• ", to themselves , the computer or another person ( Aarts et al . , 2005 ; Sato and Yasuda , 2005 ) . Typically , these judgments are made on rating scales ( 10 - or 100 - point ) ranging from " not me at all " to " definitely me , " or from " no control at all " to " complete control . "
    [Show abstract] [Hide abstract]
    ABSTRACT: In the past decades, sense of control—the feeling that one is in control of one’s actions has gained much scientific interests. Various scales have been used to measure sense of control in previous studies, yet no study has allowed participants to create a scale for rating their control experiences despite advances in the neighboring field of conscious vision has been linked to this approach. Here, we examined how participants preferred to rate sense of control during a simple motor control task by asking them to create a scale to be used to describe their sense of control experience during the task. Scale with six steps was most frequently created. Even though some variability was observed in the number of preferred scale steps, descriptions were highly similar across all participants when scales were converted to the same continuum. When we divided participants into groups based on their number of preferred scale steps, mean task performance and sense of control could be described as sigmoid functions of the noise level, and the function parameters were equivalent across groups. We also showed that task performance increased exponentially as a function of control rating, and that, again, function parameters were equivalent for all groups. In summary, the present study established a participant-generated 6-point sense of control rating scale for simple computerized motor control tasks that can be empirically tested against other measures of control in future studies.
    Frontiers in Psychology 11/2015; 6. DOI:10.3389/fpsyg.2015.01733 · 2.80 Impact Factor
  • Source
    • "Research has suggested that the sense of agency and sense of ownership do not use the same mechanism (Tsakiris, Longo, & Haggard, 2010) and hence a distinction should be made between them (Gallagher, 2000): they ''may be partly independent and have different processes by which each of them is constructed " (Sato & Yasuda, 2005, p "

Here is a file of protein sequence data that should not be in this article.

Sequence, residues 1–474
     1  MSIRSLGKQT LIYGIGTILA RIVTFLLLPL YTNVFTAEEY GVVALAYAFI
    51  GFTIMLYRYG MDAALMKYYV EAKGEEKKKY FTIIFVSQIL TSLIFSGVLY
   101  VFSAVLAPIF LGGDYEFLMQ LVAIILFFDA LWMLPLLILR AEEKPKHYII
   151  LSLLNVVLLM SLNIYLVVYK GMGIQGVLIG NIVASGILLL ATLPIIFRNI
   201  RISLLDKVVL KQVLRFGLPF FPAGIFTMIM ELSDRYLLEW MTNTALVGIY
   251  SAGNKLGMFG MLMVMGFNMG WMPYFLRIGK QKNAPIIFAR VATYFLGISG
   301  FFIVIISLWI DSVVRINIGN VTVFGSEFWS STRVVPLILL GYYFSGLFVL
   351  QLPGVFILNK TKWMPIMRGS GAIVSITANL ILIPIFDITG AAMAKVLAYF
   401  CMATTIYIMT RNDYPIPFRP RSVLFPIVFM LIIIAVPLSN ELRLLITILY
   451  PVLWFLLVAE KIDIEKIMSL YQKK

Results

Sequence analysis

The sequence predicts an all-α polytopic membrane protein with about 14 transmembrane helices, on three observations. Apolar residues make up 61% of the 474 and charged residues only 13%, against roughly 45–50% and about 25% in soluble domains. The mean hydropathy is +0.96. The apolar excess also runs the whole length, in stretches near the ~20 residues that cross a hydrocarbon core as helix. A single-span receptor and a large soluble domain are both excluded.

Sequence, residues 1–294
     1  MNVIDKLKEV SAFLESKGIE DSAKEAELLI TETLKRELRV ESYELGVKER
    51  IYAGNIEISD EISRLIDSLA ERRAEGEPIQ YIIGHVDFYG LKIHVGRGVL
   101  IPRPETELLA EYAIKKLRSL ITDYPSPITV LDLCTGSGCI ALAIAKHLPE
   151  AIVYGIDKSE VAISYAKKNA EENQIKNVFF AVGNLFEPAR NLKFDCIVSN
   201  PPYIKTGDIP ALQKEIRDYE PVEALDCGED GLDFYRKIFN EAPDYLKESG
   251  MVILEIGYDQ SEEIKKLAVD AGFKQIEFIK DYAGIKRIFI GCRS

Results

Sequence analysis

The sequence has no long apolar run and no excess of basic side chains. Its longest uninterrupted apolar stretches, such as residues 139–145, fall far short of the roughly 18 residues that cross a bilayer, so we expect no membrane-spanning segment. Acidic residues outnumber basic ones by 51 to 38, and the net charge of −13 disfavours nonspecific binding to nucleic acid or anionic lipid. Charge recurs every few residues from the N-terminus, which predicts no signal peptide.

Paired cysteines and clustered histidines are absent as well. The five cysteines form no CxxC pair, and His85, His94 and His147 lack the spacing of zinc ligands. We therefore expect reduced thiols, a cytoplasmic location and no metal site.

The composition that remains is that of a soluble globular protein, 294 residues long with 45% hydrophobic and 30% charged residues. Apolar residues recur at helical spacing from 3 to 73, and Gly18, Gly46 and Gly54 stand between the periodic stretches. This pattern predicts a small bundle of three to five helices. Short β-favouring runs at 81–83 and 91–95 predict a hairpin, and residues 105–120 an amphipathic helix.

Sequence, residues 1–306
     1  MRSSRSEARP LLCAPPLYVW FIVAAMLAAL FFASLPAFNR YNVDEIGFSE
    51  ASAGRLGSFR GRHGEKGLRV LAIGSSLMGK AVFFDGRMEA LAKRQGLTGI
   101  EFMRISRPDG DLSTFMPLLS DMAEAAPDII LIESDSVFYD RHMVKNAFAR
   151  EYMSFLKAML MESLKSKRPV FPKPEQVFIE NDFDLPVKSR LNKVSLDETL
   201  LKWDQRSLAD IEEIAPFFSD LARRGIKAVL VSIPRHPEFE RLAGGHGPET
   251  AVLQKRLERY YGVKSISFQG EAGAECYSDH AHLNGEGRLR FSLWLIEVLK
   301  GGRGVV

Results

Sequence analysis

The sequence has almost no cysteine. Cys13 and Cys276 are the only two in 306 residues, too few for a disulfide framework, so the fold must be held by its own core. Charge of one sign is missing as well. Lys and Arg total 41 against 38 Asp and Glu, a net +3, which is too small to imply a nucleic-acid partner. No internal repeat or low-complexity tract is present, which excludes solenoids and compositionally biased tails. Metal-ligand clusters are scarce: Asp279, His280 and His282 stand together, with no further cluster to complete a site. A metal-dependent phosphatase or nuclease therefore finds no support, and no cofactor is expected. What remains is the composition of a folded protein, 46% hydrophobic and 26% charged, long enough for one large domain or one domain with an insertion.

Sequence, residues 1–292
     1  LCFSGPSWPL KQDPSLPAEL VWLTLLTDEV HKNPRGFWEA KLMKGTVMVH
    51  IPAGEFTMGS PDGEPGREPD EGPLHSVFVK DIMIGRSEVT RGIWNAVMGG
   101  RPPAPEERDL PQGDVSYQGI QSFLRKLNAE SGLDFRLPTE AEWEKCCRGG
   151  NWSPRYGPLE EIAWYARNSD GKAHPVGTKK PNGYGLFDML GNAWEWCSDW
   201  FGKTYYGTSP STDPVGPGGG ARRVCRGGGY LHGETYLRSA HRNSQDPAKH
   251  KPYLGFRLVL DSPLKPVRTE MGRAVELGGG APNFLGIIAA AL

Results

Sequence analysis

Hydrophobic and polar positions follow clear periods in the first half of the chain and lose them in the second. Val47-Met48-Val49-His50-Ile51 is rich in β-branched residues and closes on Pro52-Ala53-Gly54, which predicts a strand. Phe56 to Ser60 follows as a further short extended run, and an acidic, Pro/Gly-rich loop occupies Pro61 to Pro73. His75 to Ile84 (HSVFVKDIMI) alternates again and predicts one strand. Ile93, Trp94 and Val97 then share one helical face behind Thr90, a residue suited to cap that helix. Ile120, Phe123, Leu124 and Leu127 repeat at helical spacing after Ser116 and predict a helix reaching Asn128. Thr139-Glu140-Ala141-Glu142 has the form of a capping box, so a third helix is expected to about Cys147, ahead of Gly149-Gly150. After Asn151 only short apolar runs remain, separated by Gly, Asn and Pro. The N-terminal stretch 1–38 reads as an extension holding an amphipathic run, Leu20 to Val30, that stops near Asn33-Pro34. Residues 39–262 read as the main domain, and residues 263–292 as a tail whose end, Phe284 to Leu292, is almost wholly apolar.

[Show abstract] [Hide abstract]
    ABSTRACT: This paper discusses the phenomenological nature of the sense of boundaries (SB), based on the case of S, who has practiced mindfulness in the Satipathana and Theravada Vipassana traditions for about 40years and accumulated around 20,000h of meditative practice. S's unique abilities enable him to describe his inner lived experience with great precision and clarity. S was asked to shift between three different stages: (a) the default state, (b) the dissolving of the SB, and (c) the disappearance of the SB. Based on his descriptions, we identified seven categories (with some overlap) that alter during the shifts between these stages, including the senses of: (1) internal versus external, (2) time, (3) location, (4) self, (5) agency (control), (6) ownership, and (7) center (first-person-egocentric-bodily perspective). Two other categories, the touching/touched structure and one's bodily feelings, do not fade away completely even when the sense-of-boundaries disappears.
    Consciousness and Cognition 09/2015; 37:133-147. DOI:10.1016/j.concog.2015.09.002 · 2.31 Impact Factor
Show more